Home By Christmas Movie Review–Misandry For Christmas
The folks out at Lifetime sent out a big passel of Christmas movies, one of which was Home By Christmas, a movie that will once again show Lifetime‘s darker side–not because the movie is scary, but because the movie clearly hates men.
Home By Christmas joins Julia Bedford, a wife, mother, and homemaker living the good domestic life in a suburb with her husband (who’s doing pretty well on the job front, by the way) and sixteen year old daughter. But what Julia discovers will destroy her world: hubby’s been sleeping around. And naturally, Julia thinks divorce. Hubby meanwhile has planned ahead and hidden most of his assets, meaning that Julia’s take in the divorce is slim at best. She takes a minimum wage job to help support herself and her daughter into a small apartment, and her daughter quickly chafes at the lack of space and suburban comfort. In a further blow to Julia, her daughter moves back in with her father and his new girlfriend. Julia, meanwhile, is left to move into her car–no child means no child support–and soon, Julia, now at her lowest, is left to find a little of that Christmas magic when she needs it the most.
And yes, once again, Men Are Terrible And Will Hurt You Because This Is Lifetime. Note how it’s the husband’s cheating that kicks off Julia’s grand odyssey of poverty and self-discovery, specifically set up to make him look like a jerk. On the plus side, the daughter also looks like a jerk, so there’s a note of equal opportunity jerkitude here. In fact, the daughter is a master of jerk behavior–she’s so wildly unpleasant to listen to that most of her early lines actually will cause you pain to listen to. At least, they hurt me like a big old set of knitting needles rammed into my ears.
Linda Hamilton, meanwhile, is a far cry from the Sarah Connor role that made her famous. Give her some credit, it’s a great sign that she can take her classic badass persona and turn herself into a sad cringing milksop of a woman who gets walked on so often she needs a big “Welcome” tattooed on her lower back.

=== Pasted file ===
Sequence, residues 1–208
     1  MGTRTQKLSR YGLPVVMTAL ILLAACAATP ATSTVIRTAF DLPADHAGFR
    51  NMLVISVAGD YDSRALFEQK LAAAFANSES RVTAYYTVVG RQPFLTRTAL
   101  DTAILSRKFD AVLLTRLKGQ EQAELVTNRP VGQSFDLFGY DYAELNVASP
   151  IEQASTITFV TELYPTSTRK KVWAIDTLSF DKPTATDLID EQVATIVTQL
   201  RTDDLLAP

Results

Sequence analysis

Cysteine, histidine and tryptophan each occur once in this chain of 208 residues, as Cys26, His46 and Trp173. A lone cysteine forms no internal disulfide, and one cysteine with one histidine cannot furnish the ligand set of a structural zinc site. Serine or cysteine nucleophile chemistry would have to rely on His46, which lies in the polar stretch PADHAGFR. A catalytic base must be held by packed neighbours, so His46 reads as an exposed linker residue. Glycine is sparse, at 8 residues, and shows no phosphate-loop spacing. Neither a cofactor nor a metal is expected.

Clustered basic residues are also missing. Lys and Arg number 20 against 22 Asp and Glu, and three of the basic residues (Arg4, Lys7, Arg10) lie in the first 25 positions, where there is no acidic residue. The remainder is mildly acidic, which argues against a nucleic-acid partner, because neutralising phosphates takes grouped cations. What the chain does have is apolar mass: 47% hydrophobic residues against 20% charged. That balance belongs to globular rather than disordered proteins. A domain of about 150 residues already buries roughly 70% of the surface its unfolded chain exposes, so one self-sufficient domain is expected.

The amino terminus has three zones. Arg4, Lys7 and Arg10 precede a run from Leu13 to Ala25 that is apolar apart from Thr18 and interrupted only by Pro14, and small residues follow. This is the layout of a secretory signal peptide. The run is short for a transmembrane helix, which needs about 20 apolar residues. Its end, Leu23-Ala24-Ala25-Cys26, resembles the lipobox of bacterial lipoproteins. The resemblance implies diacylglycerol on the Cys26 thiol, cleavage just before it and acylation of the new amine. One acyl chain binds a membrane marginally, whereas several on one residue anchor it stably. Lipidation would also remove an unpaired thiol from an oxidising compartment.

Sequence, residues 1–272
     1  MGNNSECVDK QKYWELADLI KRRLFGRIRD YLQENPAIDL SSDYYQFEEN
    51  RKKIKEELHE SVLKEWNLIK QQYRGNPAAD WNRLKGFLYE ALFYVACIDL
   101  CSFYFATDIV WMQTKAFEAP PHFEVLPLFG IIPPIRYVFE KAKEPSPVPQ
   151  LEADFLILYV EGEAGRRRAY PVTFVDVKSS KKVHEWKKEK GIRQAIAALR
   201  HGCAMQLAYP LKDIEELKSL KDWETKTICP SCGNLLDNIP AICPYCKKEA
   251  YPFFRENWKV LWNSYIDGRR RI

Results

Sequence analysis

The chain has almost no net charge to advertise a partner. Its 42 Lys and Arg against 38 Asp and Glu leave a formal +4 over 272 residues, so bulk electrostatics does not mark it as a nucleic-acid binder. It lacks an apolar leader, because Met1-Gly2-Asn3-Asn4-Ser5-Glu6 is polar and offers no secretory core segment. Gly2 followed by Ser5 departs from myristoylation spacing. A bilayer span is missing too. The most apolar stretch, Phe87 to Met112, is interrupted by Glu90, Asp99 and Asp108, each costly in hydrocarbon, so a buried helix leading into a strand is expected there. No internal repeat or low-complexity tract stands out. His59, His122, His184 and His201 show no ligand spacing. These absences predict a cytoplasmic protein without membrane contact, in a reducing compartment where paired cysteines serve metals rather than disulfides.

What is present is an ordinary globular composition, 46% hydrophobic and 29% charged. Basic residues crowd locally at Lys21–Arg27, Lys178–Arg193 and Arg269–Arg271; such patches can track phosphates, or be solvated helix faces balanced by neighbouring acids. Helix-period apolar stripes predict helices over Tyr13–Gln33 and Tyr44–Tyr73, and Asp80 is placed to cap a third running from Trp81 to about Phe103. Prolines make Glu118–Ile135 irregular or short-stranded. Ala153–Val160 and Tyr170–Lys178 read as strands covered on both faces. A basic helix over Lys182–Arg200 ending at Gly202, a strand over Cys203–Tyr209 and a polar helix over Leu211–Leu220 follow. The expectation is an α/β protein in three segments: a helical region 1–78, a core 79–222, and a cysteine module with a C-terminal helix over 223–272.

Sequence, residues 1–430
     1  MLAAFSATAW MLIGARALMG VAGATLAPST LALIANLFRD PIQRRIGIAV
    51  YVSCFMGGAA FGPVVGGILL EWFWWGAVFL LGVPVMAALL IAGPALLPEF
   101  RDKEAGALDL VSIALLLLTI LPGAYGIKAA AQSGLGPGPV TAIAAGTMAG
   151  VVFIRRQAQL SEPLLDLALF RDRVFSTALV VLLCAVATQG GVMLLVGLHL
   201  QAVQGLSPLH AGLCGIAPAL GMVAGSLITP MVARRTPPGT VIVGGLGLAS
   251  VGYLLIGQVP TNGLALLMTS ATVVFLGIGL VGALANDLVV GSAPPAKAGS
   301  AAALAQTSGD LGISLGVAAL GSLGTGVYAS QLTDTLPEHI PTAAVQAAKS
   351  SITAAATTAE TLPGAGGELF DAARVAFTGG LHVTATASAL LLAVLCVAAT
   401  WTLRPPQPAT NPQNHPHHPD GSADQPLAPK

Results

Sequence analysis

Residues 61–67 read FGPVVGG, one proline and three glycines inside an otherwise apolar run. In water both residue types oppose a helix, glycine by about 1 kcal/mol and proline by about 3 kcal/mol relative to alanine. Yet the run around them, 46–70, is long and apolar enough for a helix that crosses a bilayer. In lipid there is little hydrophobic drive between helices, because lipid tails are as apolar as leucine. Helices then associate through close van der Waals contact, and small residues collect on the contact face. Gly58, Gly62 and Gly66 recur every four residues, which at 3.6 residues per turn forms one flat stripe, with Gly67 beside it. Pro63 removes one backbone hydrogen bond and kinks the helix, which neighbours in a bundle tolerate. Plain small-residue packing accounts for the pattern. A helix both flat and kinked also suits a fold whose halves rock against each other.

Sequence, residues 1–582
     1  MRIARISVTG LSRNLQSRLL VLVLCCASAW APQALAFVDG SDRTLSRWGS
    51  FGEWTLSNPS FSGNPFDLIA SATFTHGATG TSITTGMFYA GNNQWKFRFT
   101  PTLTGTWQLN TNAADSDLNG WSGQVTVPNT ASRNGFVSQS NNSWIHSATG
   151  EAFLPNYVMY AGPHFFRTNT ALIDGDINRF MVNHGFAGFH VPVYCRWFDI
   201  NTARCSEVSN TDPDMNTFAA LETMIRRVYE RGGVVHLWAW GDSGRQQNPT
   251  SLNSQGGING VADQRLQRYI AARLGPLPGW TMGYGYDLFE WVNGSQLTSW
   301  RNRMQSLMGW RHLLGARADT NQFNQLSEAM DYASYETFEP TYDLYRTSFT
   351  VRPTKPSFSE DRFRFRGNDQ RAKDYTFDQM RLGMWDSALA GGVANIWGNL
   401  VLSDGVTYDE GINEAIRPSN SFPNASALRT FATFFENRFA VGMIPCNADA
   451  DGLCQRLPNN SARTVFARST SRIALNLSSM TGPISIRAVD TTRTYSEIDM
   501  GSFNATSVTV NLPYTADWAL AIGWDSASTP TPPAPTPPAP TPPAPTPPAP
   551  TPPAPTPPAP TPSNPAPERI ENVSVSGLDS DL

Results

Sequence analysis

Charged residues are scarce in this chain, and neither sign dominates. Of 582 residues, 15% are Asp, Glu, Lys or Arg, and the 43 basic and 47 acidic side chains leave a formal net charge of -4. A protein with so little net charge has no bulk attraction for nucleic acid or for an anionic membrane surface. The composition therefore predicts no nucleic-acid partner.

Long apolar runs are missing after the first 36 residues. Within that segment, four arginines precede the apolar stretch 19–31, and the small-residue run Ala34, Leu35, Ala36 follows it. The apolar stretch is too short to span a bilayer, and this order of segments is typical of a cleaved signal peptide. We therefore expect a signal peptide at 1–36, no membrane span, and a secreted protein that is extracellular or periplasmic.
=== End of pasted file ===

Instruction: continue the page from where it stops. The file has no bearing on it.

The development is also something to see–in fact, about halfway through Home By Christmas starts getting downright heartwarming. Hamilton’s playing the role surprisingly well, and this woman’s resourcefulness is something of a minor miracle.
Home By Christmas watches like a Horatio Alger novel come to living, breathing life–it’s entertaining, sure, but if the thing were any more clearly scripted they’d be handing out checklists with every copy so you could tick off exactly what was supposed to happen next.
Sure, it’s simplistic, and the first half is downright painful, but the whole effect is actually pretty decent. This’ll hit some people better than others, but then, that’s sort of the point. Guys looking for a good action flick or plenty of blood will not be satisfied by this nor were they meant to. This is, once again, Lifetime preaching to the choir, so not surprisingly, it will have somewhat limited appeal.
The Screenhead Ten Scale gives Home By Christmas a six out of ten because it’s pretty well done, but it’s very niche and very simplistic. It’ll never replace The Grinch as a holiday classic, but it still does the job passably well.